We have more than five senses. A neuroscientist explains the hidden abilities we often overlook
Neuroscientist Dr Lisa Feldman Barrett delves into the different ways we’re able to perceive the world that go beyond sight, sound, touch, taste and smell.
How many senses does the average human have? Assuming you equate senses with their receptors, such as the retinas in your eyes and the cochlea in your ears, then the traditional answer to this question is five – seeing, hearing, touch, smell and taste.
They’re called the ‘exteroceptive’ senses because they carry information about the external world.
But your body also has receptors for events occurring inside you, such as your beating heart, expanding lungs, gurgling stomach and many other movements that you’re completely unaware of. They’re traditionally grouped together as another sense, called ‘interoception’.
Yet a proper answer to this question is even more complex and interesting. For one thing, your body has receptors to carry other types of information, such as temperature, that we don’t usually consider to be senses.
Also, some of your receptors are used for more than one sense. Your retinas, for example, are portals for the light waves you need for vision, but some retinal cells also inform your brain if it’s daytime or nighttime. This unnamed ‘day/night sense’ is the basis for circadian rhythms that affect your metabolism and your sleep/wake cycle.
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Even senses that seem fundamental, such as vision, are intimately entwined with other senses that seem separate.
For example, it turns out that what you see, and how you see it, is yoked to your brain’s tracking of your heartbeat, which is part of interoception.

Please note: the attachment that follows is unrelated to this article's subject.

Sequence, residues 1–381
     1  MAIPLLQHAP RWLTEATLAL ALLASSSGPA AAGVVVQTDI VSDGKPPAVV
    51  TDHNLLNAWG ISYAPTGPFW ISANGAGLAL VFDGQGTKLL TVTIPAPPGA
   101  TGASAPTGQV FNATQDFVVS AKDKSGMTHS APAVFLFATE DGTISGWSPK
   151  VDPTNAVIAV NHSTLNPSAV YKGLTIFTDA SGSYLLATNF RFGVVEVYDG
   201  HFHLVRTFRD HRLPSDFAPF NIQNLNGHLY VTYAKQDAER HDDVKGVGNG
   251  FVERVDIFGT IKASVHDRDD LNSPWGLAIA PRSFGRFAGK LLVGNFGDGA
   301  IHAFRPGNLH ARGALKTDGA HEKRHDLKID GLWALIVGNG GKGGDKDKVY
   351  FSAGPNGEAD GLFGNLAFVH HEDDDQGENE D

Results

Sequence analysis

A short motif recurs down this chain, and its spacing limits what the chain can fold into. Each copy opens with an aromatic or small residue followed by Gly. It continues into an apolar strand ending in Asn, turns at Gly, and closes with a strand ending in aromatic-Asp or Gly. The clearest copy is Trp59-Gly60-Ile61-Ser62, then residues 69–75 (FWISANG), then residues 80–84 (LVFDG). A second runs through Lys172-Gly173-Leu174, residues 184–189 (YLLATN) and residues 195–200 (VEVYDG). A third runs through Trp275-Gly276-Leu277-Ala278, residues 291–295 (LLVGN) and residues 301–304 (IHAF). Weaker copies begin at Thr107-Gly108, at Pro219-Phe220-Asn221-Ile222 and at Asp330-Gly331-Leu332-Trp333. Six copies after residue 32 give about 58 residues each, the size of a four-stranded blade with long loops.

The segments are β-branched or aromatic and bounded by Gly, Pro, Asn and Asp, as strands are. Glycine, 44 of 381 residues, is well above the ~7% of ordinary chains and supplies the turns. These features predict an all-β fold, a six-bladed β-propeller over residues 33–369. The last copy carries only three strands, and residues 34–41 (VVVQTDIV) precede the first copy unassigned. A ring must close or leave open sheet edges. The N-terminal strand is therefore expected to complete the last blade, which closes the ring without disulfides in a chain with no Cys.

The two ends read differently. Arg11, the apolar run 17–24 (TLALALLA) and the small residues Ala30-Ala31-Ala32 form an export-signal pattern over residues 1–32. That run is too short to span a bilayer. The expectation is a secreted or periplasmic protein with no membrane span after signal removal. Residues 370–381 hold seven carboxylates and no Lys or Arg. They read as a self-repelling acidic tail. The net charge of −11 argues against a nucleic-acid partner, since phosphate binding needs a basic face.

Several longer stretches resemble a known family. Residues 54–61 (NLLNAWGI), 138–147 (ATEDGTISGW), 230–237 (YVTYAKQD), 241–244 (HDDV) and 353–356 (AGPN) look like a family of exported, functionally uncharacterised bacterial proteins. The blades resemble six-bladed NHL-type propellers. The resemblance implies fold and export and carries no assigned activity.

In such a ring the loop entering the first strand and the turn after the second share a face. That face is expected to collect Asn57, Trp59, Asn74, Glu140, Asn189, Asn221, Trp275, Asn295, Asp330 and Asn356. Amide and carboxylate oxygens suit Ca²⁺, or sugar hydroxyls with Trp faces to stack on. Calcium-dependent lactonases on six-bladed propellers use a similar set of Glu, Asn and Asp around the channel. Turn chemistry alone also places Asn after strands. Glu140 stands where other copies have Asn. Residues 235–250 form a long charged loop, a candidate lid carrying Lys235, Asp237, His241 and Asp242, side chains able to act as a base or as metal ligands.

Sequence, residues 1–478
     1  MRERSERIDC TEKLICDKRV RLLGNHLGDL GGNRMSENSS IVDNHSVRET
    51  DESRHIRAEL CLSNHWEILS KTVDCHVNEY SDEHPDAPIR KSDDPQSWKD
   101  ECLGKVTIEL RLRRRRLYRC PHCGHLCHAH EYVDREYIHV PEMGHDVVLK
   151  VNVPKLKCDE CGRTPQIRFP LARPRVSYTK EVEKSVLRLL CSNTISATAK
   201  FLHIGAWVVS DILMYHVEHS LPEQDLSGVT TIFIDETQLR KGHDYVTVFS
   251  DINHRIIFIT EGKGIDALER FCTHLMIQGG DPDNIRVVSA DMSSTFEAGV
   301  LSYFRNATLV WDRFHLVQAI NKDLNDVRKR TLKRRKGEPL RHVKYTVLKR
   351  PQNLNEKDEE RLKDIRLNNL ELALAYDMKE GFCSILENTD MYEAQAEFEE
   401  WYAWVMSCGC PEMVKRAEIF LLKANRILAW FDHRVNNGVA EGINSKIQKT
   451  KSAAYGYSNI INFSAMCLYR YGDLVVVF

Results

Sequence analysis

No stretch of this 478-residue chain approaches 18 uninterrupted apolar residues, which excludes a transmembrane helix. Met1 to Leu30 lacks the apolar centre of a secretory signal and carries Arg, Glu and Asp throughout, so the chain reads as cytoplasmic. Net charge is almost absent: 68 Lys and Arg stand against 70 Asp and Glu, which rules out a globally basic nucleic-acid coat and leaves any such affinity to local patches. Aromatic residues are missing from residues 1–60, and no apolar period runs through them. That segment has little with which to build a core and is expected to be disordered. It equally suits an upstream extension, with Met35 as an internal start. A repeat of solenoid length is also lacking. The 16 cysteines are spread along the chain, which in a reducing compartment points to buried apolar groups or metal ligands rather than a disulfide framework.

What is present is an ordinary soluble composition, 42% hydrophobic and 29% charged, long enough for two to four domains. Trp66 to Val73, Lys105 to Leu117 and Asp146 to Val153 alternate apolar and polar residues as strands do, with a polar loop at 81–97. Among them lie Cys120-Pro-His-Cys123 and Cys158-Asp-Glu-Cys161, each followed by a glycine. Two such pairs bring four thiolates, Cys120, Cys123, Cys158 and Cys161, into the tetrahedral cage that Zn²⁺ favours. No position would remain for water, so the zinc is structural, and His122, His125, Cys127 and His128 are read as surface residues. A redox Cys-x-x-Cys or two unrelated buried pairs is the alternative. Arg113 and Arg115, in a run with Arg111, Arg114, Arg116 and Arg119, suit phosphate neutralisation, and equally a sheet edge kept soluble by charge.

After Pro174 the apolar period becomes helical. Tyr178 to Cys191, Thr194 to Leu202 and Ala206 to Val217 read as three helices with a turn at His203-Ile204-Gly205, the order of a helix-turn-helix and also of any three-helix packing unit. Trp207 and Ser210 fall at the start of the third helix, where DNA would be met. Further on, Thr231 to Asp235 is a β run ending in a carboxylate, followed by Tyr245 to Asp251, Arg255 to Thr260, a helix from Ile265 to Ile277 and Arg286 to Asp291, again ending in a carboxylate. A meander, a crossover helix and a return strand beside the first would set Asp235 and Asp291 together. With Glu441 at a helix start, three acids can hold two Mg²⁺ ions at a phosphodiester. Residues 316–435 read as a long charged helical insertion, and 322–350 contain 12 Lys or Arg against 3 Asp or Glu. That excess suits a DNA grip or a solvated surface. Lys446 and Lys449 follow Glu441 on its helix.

In the moments when your heart contracts and pushes blood out to your arteries, your brain takes in less visual information from the world.
Your brain also constructs senses that you don’t have receptors for. Examples are flavour, which the brain constructs from gustatory (taste) and olfactory (smell) data, and wetness, which is created from touch and temperature.
In fact, your brain constructs everything you see, hear, smell, taste and feel using more than just the sense data from your body’s receptors. Light waves, for example, don’t simply enter your eyes, travel to your brain as electrical signals, and then you see.
Your brain actually predicts what you might see before you see it, based on past experience, the state of your body and your current situation. It combines its predictions with the incoming sense data from your retinas to construct your visual experience of the world around you.
Similarly, when you place your fingers on your wrist to feel your pulse, you’re actually feeling a construction based on your brain’s predictions and the actual sense data. You don’t experience sensations with your sense organs. You experience them with your brain.
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Lisa is a professor of psychology at Northeastern University and the author of Seven And A Half Lessons About The Brain (£14.99, Picador). She is one of the most cited scientists in the world for her research into psychology and neuroscience. Lisa is Chief Science Officer for the Center for Law, Brain & Behavior at Massachusetts General Hospital, and received a National Institutes of Health Director’s Pioneer Award for her revolutionary research on emotion in the brain.
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